West Barnes Lib Dem councillor, Mary-Jane Jeanes, gives an update on what's going on at Raynesfield, the flats on Grand Drive, which have recently been in the media, as London Mayor Boris Johnson was forced to back down on evicting the residents.
"This estate of flats on Grand Drive was built to house police officers. About twenty years ago the Metropolitan Police decided they did not need it, so it was leased to a housing association. The flats have always been used to house public sector workers on modest incomes (nurses, school staff, and other key workers etc) ever since.
The Crown Housing Association’s lease was due to expire at the end of 2014 and the Mayor’s Office for Policing and Crime (MOPAC) decided that they would put Raynesfield on the open market, with vacant possession. About a year ago, the housing association gave tenants notice that they would have to leave by the end of this year. Many of the residents have lived in Raynesfield for 15 to 20 years.
Residents launched a campaign to remain in their flats as many of them cannot afford to rent privately. Merton Council’s Housing Department only has a statutory duty to house a few of the families, but not those without children.
(then councillor) Iain Dysart and I wrote to Caroline Pidgeon and Stephen Knight, our Lib Dem Assembly members and they lobbied the Deputy Mayor for Policing and Crime, Stephen Greenhalgh and Mayor Boris Johnson to allow this estate, and the many Police owned estates around London, to remain as social housing. I also wrote to Boris to remind him of his duty to increase affordable housing.
A petition was lauched, which attracted great support. Residents organised interviews with the Wimbledon Guardian, BBC London News and London Live.
Evictions were due to begin in October but, as a result of the campaign, MOPAC called a temporary halt to the evictions less than a day before they were due to begin. By this time, some tenants had given away their furniture and moved in temporarily with family or friends. Others had put their furniture into storage and were waiting for the bailiffs’ arrival.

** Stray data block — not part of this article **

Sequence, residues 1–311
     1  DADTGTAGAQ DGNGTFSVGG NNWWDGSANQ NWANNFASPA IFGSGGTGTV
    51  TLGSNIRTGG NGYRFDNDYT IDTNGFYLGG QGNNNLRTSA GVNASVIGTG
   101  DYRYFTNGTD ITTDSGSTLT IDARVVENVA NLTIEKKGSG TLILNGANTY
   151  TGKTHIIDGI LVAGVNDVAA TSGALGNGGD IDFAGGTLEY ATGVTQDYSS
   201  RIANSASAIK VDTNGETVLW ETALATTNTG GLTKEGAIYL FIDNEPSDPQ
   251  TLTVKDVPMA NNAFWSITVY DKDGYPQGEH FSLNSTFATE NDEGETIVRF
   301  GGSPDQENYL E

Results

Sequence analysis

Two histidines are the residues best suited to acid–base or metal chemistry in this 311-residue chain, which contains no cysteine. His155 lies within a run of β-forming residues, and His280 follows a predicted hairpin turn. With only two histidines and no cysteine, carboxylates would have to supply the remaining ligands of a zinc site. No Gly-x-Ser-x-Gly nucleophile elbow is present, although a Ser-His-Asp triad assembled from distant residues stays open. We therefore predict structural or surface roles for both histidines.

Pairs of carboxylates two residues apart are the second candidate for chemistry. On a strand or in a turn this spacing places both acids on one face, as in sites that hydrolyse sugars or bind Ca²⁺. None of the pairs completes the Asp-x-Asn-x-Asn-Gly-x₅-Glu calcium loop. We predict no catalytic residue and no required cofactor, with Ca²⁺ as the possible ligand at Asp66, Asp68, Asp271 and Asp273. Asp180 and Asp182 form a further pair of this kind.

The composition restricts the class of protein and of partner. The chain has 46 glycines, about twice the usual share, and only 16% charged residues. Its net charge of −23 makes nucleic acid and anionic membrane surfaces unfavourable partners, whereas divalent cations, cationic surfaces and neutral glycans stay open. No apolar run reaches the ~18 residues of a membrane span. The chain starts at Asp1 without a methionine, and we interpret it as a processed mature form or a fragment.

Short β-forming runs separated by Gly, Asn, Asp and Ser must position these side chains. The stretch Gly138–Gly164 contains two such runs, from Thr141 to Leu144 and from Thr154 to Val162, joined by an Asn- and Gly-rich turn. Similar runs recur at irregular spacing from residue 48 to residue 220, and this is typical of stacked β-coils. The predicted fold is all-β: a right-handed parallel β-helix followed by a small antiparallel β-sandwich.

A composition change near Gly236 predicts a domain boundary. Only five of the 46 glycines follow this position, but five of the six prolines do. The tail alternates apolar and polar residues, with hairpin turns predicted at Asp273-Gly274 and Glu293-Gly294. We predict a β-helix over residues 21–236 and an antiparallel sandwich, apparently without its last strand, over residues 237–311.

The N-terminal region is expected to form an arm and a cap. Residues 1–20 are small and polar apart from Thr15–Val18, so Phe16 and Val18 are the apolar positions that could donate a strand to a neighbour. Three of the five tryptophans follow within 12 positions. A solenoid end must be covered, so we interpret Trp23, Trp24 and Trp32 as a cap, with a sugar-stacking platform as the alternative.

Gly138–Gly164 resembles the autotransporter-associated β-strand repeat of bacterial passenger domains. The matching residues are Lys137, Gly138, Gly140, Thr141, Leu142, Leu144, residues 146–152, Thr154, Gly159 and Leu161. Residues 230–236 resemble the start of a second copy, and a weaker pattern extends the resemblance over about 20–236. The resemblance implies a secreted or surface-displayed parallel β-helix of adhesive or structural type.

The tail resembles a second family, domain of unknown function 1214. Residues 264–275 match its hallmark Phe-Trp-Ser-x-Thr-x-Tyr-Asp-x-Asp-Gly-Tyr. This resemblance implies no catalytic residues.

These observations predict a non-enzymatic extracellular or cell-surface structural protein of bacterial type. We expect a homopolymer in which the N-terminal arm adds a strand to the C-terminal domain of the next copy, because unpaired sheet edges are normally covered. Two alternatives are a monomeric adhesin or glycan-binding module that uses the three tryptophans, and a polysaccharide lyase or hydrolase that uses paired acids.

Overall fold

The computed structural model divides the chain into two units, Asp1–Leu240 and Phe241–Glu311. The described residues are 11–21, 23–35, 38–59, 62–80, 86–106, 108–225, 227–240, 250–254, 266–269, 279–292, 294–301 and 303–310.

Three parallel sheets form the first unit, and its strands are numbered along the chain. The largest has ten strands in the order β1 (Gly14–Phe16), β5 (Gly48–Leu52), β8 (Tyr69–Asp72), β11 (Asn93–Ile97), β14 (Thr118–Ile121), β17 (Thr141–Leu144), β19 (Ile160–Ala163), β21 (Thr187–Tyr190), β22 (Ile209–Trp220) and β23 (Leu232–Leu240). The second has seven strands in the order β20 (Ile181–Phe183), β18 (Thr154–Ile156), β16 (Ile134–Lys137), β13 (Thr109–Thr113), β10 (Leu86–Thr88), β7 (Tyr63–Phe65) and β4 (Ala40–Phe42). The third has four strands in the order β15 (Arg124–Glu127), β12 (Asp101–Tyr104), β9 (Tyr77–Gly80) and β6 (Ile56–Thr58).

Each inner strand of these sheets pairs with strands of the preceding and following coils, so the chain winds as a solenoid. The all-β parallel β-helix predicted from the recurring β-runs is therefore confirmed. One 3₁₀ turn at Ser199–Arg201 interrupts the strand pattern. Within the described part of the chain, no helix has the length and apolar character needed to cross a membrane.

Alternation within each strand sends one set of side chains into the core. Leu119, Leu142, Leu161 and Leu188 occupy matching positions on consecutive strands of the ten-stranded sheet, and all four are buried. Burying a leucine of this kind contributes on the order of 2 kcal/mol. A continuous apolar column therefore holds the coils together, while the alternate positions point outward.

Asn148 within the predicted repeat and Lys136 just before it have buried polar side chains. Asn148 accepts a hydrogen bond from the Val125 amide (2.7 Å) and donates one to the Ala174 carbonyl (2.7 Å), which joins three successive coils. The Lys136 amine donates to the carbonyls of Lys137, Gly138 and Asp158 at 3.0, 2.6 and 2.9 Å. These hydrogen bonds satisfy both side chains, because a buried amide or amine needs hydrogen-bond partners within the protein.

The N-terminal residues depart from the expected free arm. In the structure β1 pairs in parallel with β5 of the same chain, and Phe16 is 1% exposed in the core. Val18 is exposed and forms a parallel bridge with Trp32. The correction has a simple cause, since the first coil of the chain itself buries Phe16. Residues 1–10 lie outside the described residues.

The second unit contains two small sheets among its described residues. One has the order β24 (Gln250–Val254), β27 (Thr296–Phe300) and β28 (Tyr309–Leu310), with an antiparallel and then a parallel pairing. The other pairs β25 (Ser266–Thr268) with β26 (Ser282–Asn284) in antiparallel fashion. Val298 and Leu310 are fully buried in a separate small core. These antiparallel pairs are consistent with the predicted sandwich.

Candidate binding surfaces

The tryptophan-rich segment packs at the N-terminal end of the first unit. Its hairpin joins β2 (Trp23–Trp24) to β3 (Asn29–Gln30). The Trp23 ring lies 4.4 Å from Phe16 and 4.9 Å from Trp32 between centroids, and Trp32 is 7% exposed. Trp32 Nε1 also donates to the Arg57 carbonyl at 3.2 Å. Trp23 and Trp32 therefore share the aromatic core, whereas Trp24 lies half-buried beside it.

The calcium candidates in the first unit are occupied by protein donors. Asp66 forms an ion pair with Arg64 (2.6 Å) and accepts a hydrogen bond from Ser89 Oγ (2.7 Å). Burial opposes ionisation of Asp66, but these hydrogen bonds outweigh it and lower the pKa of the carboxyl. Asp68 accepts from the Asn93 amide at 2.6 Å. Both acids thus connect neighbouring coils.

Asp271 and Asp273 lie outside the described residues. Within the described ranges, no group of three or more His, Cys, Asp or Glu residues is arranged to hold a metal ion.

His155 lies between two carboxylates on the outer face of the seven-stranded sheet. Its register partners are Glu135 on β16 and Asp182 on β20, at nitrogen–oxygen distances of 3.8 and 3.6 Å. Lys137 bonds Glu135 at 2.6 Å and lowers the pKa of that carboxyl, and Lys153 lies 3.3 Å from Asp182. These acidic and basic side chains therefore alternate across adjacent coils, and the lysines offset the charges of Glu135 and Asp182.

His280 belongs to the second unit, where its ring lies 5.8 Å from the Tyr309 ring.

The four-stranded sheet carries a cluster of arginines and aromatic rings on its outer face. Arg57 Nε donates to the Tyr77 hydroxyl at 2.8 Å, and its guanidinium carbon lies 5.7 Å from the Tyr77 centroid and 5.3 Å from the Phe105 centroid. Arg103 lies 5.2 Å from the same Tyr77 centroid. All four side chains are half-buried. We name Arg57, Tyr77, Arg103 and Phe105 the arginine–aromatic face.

Housing Association staff and tenants were then left in limbo for weeks while Stephen Greenhalgh and others decided what to do. So, this led to weeks more anxiety and sleepless nights for the residents.
During this time, Caroline Pidgeon and Stephen Knight and I continued to lobby the Mayor and Deputy Mayor at City Hall. In the Merton Council meeting on 19th November, a motion was passed calling for a permanent stop to the evictions. Naturally, I spoke in favour. Not one Conservative councillor supported the motion; indeed Cllr G Lewis-Lavender, a close neighbour of the Raynesfield families, spoke against the motion. This is the link to the webcast of the meeting, so you can hear what was said.
It was only on the 28th November that MOPAC officially announced that there would be no evictions at all. MOPAC hopes to sell the estate to a social housing provider with the tenants in situ.
Like other councillors, to date I have received no replies to my emails to Stephen Greenhalgh and the Mayor of London and there are still questions to be answered:
- Some of the Raynesfield tenants moved out a few days before the evictions were due to begin; some are sofa-surfing; they must be allowed to return home.
- The residents need long term security – they should be offered assured tenancies.
- Finally, MOPAC needs to compensate residents for van hire, storage costs, utility reconnection fees and so on.
Stephen Knight, Caroline Pidgeon and I, with the Merton Lib Dem team, will continue to lobby for these on behalf of our neighbours in Raynesfield. The way in which Stephen Greenhalgh announced the change in MOPAC’s policy has drawn criticism across London. This u-turn has been represented as if the Deputy Mayor was unaware that he was planning to evict key workers and then was just “upset to find out how they had been treated” – by him and his staff!
There are plenty of letters about Raynesfield in both in the Wimbledon Guardian and on other local media."